General information

Sophytes' kingdom or Seleucid Empire


1 stater


c. 315305 BC (ND)

Measurements and composition

~8.58 g


~19 mm






coin (6h die axis)




Caduceus, title

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The 1 stater coin is a non-dated coin that was issued by Sophytes, a historical figure whose origins are disputed. The piece is either believed to be attributable to a Bactrian kingdom ruled by Sophytes or to the Bactrian satrapy of the Seleucid Empire, with Sophytes as the territory's regional satrap. It is also thought to be the first Hellenistic gold coin ever produced.

The coin weighs approximately 8.58 grams and measures 19 millimeters in diameter. It is composed of gold and is round in shape. The coin has a die axis of 6 o' clock, alternatively designated as coin alignment. Featured on the obverse is what is described as either a likeness of Sophytes or Seleucid Emperor Seleucus I, facing towards the right and wearing a crested Attic helmet decorated with a laurel wreath and bearing an intricate design on the cheek guard and crest. The depiction is surrounded by a dotted border. An "MNA", likely the initials of the engraver or designer, is engraved into the likeness at the bust truncation. Featured at the top of the reverse is a caduceus with two serpents tied together, albeit lacking the wings at the top. The word "ΣΩΦΥΤΟΥ" (Sophytou), which translates to English as "Sophytes", is inscribed below the caduceus, at the very bottom of the coin. Like most ancient coins, the stater of Sophytes has a smooth edge.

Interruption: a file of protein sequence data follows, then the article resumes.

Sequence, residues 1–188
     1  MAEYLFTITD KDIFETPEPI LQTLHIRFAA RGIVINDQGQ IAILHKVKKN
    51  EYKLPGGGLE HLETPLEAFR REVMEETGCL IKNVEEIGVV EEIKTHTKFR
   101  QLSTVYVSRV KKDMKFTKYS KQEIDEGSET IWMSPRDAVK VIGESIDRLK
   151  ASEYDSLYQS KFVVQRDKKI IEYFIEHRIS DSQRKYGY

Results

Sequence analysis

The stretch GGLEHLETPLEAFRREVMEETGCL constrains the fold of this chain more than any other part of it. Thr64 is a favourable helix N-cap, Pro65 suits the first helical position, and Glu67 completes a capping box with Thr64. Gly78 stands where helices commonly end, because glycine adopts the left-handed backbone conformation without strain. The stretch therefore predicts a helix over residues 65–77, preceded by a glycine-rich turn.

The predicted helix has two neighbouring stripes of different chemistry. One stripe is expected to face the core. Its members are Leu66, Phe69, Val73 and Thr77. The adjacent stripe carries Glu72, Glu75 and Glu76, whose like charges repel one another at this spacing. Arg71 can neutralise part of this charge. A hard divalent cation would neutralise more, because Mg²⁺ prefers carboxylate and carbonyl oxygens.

One example of the coin is currently known to exist. It was displayed at the Archaeological Museum of Henri-Prades in Lattes, France before being put up for auction by Roma Numismatics Limited on October 2, 2011. It had an estimated price of 200,000 pounds sterling.


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Coins of Sophytes

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